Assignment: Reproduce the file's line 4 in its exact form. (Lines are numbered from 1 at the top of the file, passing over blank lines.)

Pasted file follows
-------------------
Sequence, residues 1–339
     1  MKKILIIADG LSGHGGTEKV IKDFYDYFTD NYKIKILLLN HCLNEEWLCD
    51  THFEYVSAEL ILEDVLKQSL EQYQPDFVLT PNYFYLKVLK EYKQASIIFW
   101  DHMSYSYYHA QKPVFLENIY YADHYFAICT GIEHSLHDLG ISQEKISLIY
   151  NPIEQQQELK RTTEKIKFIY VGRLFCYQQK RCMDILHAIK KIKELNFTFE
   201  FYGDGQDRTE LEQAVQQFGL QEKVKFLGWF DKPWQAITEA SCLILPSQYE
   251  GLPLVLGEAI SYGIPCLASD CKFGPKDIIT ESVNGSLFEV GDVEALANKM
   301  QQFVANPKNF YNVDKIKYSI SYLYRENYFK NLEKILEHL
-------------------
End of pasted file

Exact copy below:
   101  DHMSYSYYHA QKPVFLENIY YADHYFAICT GIEHSLHDLG ISQEKISLIY